WHAT ARE OUR TOP 10 ENVIRONMENTAL PROBLEMS?

by Whit Gibbons


March 26, 2006


Listing the top 10 of a group is always appealing. Ten most-wanted fugitives by the FBI. Top ten songs, books, and best-dressed celebrities. And David Letterman, with his list of items such as Top Ten Reasons You Are Not Looking Forward to the NBA Playoffs. So why not list the top ten environmental problems facing America and the world?

I asked two dozen ecology graduate students what their list would be. If anyone knows what the real threats are, these people will: their opinions are science-based, not emotional. Using the Letterman approach of reading the list from 10 to 1, I present the top ten environmental problems in order of increasing importance. The total number of major problems identified by the people I asked ended up to be more than 10. Not surprisingly, some of the perceived problems are similar and interconnect, so I consolidated the students' lists to end up with the magic number 10.

10. Invasive plants and animals. The problems resulting from fire ants, Burmese pythons in the Everglades, and many more regional environmental problems have a human origin related to the introduction of exotic species.

9. Global climate change. Although "global warming" receives a lot of press, University of Georgia graduate student Brian Todd pointed out that "the global climate for the past 4 billion years has been one marked by change and relative instability. The problem we face today is the crippled ability of many ecosystems to appropriately respond to climate change as they have for the past 65 million years because we have already compromised the environment in other ways."

8. Pollution of marine habitats. The oceans are huge, but overharvesting and the degradation of marine environments are proceeding at a steady rate around the world, including a commercially extinct codfish industry and disappearing coral reefs along our own coasts.

7. Air pollution. Uncontrolled releases by industry and the excessive use of fossil fuels have led to acid rain, dissolution of the ozone layer, smog, and the general elimination of "clean air."

6. Unsustainable agriculture. The human world is dependent on food production, yet agricultural siltation, pesticide runoffs, and loss of natural habitats are constant threats to a healthy environment.

5. Threat of disease. Bird flu, West Nile virus, and mad cow disease are examples of how we could be affected overnight by unseen enemies, all a consequence of human overcrowding, overconsumption, and invasive species.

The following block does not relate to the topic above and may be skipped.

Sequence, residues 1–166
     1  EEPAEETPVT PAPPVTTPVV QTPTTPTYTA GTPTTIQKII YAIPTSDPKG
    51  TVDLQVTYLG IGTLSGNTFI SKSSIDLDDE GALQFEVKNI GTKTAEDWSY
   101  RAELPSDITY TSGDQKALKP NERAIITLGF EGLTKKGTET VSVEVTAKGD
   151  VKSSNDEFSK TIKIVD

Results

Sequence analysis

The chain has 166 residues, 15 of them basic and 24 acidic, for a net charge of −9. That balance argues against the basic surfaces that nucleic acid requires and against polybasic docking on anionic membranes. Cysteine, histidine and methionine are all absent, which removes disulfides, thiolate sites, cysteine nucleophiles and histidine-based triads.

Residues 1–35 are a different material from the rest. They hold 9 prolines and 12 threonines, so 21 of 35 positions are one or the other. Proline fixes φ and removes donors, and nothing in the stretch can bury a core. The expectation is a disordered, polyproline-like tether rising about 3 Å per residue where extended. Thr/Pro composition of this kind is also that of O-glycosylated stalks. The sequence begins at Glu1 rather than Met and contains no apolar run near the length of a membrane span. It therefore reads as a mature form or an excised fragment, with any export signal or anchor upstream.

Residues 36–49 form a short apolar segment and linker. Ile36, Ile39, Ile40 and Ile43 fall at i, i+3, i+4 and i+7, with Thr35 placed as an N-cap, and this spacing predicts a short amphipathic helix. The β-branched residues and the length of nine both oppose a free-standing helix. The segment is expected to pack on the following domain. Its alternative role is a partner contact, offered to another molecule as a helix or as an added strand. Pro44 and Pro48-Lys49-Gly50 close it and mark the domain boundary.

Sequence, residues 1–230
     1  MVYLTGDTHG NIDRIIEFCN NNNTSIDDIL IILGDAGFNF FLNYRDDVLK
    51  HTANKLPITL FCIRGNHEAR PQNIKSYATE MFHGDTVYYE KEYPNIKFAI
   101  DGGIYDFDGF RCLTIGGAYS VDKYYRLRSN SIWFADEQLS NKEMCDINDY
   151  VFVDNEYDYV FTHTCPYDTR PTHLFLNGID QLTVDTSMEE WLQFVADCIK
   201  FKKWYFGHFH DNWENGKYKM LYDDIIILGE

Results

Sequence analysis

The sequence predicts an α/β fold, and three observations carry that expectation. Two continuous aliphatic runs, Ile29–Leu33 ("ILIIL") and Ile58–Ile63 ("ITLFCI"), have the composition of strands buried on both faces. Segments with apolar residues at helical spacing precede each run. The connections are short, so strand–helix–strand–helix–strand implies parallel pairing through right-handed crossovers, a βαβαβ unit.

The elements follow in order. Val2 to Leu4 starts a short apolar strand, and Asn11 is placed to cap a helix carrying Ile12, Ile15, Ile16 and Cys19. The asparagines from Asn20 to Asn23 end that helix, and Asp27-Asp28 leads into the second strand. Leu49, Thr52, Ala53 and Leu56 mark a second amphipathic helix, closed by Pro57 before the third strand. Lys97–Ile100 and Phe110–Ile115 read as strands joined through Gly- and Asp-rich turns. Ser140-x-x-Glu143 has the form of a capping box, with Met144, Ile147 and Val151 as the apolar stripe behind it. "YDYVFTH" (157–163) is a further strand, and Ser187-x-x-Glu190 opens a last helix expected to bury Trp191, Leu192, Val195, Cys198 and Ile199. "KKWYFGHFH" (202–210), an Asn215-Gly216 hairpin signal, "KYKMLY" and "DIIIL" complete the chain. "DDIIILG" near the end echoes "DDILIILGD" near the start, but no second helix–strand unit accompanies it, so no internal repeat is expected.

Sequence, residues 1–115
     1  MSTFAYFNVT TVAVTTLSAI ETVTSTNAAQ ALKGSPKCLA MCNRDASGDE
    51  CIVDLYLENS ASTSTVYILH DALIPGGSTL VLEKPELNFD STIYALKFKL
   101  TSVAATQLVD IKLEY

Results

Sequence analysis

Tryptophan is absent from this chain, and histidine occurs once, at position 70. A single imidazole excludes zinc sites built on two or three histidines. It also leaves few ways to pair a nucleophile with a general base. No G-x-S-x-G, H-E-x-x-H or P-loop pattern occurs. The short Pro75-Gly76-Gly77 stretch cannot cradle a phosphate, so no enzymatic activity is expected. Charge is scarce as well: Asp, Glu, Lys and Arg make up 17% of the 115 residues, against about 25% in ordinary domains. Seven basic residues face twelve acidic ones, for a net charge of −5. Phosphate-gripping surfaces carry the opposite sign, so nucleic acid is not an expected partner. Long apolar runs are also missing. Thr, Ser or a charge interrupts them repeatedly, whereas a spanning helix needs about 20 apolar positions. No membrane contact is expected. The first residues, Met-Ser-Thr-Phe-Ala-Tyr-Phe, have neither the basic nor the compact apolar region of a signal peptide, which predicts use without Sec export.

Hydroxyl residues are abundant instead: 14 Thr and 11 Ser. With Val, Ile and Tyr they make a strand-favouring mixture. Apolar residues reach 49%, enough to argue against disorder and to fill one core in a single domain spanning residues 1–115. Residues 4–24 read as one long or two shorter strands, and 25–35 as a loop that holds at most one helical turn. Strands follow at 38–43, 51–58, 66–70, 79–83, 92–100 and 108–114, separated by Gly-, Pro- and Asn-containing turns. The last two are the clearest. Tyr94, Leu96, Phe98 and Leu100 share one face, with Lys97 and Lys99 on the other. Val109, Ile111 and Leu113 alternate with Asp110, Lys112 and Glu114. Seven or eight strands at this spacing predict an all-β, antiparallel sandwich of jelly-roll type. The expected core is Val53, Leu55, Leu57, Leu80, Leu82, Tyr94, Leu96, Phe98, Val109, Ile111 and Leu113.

4. Water quality and quantity. Sewage from cities, unregulated releases from industrial and agricultural sites, and dumping of wastes in the oceans collectively exacerbate the worldwide problem of water pollution. Overuse of groundwater in many coastal regions leading to saltwater intrusion is a looming specter. Water wars are now a reality in the western states and even in the wetter Southeast, as evidenced in the court cases involving Alabama, Georgia, and Florida.

3. Habitat loss, fragmentation, and degradation. The loss of natural habitats because of human development and deforestation is viewed by most as the major cause of the decline in biodiversity nationally and globally. Many species are on an inexorable path toward extinction because their native habitats are gone or despoiled.

2. Human overpopulation. Most of the students ranked unchecked human population growth, which leads to overconsumption and associated world poverty, as their top culprit of environmental problems. Virtually every problem from 3 through 10 can be traced back to our simply having too many people for the resources available. Until political and religious leaders have the courage to realistically address the issue of birth control on a global scale, most of our environmental problems will worsen before they get better.

1. Apathy. Dean Croshaw, a graduate student from the University of New Orleans, offered what I rank as the number one environmental problem. A clear indicator of our foremost problem is that world leaders seldom acknowledge, let alone propose solutions to, environmental problems. For those leaders around the world chosen by a democratic election process, that apathy is condoned and mimicked by the people who elect them.

A major difference between David Letterman’s lists and mine is that none of mine are funny.



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